After dinner that night, I fired up the system and played several CDs that I use to audition equipment, including the soundtrack to Black Hawk Down (Decca 440 017 012-2), Lisa Garrard, The Mirror Pool (4AD 9 45916-2), and Samuel Barber, Violin Concerto, Hilary Hahn (Sony SK89029). With the system warmed up and my ears re-familiarized with my CDs, I disconnected the SCD-1 and lifted it off the equipment shelf. I hate moving 70-pound pieces of equipment! Onto the shelf went the VR base, then the SCD-1 on top of the base. The Isolation Base has the same footprint as the SCD-1, so the player must be carefully positioned. I reconnected the SCD-1, put the Black Hawk Down CD back into the player, settled into my lounge chair, and hit "Play" on the remote. With the first notes, I knew that the VR Isolation Base would not be going back to the dealer. I played all of my audition CDs, one after the other. What I heard was consistent from disc to disc. The greatest change was in the lowest octave, with the improvement slowly diminishing with each higher octave. By the upper midrange I could not hear any improvement.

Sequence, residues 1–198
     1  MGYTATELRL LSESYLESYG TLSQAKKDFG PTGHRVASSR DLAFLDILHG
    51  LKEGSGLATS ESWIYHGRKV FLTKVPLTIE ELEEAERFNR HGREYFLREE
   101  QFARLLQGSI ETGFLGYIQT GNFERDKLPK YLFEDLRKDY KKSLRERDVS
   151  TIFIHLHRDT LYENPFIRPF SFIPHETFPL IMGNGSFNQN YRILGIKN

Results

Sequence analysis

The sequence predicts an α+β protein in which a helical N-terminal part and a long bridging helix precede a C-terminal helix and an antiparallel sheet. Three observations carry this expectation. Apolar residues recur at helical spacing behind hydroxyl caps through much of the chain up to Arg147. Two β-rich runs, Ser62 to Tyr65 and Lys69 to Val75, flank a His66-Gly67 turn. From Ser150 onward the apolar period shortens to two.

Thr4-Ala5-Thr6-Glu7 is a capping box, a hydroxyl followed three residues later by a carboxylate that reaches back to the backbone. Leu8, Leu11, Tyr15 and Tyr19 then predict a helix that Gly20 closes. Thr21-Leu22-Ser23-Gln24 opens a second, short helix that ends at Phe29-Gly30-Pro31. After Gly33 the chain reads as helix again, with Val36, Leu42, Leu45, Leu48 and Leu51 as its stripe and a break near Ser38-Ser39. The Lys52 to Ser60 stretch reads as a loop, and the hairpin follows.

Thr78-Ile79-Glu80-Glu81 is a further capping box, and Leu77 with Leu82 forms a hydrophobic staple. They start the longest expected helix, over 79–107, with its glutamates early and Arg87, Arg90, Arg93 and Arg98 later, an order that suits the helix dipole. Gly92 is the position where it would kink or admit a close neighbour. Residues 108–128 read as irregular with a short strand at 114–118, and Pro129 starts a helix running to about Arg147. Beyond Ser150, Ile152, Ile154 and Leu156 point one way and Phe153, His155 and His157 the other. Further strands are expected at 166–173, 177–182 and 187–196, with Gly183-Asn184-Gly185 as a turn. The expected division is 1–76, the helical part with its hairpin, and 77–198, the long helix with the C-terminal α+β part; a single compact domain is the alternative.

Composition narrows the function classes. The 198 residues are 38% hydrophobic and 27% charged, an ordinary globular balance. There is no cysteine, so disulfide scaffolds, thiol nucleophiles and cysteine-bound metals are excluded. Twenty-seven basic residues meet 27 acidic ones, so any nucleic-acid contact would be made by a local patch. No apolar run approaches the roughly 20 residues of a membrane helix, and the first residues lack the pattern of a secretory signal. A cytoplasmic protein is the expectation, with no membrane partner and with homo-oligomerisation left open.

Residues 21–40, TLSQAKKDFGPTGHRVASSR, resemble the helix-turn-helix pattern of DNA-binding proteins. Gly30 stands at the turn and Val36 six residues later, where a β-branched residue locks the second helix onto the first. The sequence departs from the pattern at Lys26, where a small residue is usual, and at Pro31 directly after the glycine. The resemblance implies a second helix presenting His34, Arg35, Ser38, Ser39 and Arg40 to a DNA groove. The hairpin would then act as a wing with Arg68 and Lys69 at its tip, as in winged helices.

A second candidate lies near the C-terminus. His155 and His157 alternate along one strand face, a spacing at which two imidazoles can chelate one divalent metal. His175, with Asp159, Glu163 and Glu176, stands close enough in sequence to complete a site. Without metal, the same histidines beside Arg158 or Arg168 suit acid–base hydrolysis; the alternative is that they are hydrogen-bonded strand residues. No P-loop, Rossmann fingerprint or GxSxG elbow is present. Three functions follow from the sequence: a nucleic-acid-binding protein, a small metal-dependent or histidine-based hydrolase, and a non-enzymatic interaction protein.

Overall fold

The greatest change was in the low bass, which became tighter and more tuneful. The bass guitar solo on the title track of Bela Fleck's Flight of the Cosmic Hippo (Warner Bros 9 26562-2) was a treat. Without the VR Isolation Base, the notes were slightly smeared. With the base, each note was clearer and more distinct. On all of the CDs that I played, I heard details that I had never heard before. On each CD, the soundstage was slightly wider and much deeper. When I shut the system down for the night, I was a very tired but very happy camper. This was the biggest single tweak I had ever made in my system. The change was not subtle. It was like going from zip cord to a $2000 set of speaker cables—a night and day improvement.